Whe Christian Seifert did 40 years ago today is not known. He was probably doing his homework, the current managing director of the DFL was only eleven at the time. If he had already been who he is today or if he had at least had a predecessor, then the question of the date would have been unnecessary.
April 9, 1980 went down in German football history and if the Bundesliga had already been marketed abroad, then even as a festive day. The Bundesliga had had the reputation of being the “best league in the world” since the mid-1970s, after Germany had become European champion and world champion and Bayern had won the national championship cup three times in a row.
But it never became clearer when the eighties began and the semi-finals in the UEFA Cup began 40 years ago today. The Cup was the pool of the best teams behind the master was and is today Europe League. In 1980 he became the Bundesliga Cup!
Two games, four teams – all from Germany. Or as the “Bild” headlined on March 21, 1980, when the quarter-finals were played: “Uefa Cup: Now we are among ourselves – no one is allowed to play with us”.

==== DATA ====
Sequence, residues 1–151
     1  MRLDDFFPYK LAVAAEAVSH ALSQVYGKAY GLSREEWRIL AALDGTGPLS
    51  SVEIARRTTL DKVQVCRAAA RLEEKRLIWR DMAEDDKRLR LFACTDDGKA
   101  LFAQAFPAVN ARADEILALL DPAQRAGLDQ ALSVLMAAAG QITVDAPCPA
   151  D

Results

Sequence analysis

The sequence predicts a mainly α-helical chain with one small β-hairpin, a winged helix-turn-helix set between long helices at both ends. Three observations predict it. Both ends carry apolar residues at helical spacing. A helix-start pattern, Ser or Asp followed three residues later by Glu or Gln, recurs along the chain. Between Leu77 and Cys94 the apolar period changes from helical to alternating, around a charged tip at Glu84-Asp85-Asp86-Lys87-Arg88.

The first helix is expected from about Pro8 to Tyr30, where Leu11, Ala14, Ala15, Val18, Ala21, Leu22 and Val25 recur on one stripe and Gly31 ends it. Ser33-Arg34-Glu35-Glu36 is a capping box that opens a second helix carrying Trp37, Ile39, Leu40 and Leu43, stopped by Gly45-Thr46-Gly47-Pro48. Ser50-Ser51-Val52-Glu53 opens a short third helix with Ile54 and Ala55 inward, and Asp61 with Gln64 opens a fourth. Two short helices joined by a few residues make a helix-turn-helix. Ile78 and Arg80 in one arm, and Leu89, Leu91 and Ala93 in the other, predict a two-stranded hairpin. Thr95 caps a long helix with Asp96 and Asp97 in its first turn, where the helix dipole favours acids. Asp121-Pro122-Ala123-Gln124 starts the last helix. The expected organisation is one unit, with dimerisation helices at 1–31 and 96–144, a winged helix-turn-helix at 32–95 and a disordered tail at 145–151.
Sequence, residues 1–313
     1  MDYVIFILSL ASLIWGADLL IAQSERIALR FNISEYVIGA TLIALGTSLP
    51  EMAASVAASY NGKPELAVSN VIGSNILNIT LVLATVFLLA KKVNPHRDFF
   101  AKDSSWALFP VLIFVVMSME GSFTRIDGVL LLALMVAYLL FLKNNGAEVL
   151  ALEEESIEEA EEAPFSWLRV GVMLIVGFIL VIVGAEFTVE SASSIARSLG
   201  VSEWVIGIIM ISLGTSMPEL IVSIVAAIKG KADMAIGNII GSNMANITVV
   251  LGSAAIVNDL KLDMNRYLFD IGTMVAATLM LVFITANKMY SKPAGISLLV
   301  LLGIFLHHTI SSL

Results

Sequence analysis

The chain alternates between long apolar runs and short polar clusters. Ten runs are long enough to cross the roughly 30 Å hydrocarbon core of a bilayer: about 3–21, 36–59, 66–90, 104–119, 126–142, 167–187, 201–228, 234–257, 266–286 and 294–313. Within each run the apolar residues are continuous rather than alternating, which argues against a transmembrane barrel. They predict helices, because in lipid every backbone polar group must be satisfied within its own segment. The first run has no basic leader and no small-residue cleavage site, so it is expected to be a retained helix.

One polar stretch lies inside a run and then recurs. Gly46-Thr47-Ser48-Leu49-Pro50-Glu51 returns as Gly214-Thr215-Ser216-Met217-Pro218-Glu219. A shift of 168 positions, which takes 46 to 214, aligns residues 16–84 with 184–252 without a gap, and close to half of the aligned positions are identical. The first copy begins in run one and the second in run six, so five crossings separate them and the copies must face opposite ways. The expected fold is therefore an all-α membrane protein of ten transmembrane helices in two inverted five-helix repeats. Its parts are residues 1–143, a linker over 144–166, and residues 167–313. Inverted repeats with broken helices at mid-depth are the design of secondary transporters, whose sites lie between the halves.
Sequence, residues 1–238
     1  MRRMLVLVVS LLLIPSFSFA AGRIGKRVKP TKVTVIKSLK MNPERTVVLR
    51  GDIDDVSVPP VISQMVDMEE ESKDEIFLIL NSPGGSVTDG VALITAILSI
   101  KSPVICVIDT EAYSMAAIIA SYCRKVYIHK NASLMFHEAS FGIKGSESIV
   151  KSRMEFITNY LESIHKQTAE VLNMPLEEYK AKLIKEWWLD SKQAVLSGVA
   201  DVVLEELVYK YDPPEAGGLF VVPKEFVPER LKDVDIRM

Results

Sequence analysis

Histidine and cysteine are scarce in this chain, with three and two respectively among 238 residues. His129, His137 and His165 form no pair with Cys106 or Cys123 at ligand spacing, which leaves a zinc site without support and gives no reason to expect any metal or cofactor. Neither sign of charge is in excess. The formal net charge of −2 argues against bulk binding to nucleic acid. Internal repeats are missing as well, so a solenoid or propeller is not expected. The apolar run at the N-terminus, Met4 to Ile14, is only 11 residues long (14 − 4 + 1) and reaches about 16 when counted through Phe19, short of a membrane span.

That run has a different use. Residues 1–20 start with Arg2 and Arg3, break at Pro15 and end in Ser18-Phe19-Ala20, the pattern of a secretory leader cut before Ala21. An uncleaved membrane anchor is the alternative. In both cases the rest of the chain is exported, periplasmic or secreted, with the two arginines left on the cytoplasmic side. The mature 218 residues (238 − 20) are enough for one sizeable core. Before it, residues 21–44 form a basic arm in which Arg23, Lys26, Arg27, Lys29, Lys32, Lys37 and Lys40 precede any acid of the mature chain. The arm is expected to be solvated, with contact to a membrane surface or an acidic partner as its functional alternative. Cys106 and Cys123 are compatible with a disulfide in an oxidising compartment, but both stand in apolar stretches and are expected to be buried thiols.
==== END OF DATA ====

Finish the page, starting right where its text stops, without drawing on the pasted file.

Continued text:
A record for eternity
The feat that Bayern Munich, Eintracht Frankfurt, Borussia Mönchengladbach and VfB Stuttgart had achieved was, of course, a European record and can only be stopped, which has not happened to date. “Our clubs stronger than ever,” cheered the “kicker”.
The specialist journal listed the reasons “the undisputed class of our players and the rather declining level among the competition”, the “hard work of our coaches” and the “German ability to concentrate and discipline”.
A bit of “luck in competition” was also admitted, for example when Frankfurt’s Bernd Hölzenbein scored a sitting header goal in fall 1979 against Bucharest when the keeper dropped the ball.
Teams had been playing in for years
The parties involved today struggle to justify German dominance. European champion Karl-Heinz Förster, then VfB Stuttgart, and Bayern midfielder Bernd Dürnberger, both emphasize that the German teams have been well-rehearsed for years.
Forester: “You were only allowed to have two foreigners. We all knew each other, there were no language problems, once we were eight Swabians. There was simply a great deal of cohesion. ”Dürnberger points out that“ The Germans were very strong at home. If you lost 2-0 somewhere, you still believed in bending it at home. ”Which also applied to both semifinals.
The HSV gained fame in 1980, who was also in the national championship cup and met Real Madrid. Which is one reason why, at least from today’s perspective, relatively little fuss has been made about the record. The major event, which German clubs can only dream of today, was surrounded by a remarkable serenity.
Only one game a day on TV
Since 1997 – the Schalke Eurofighter! – no German club has won this trophy. Back then he was running alongside. Förster remembers: “The Bundesliga was the ultimate for us, the UEFA Cup was not yet so important.”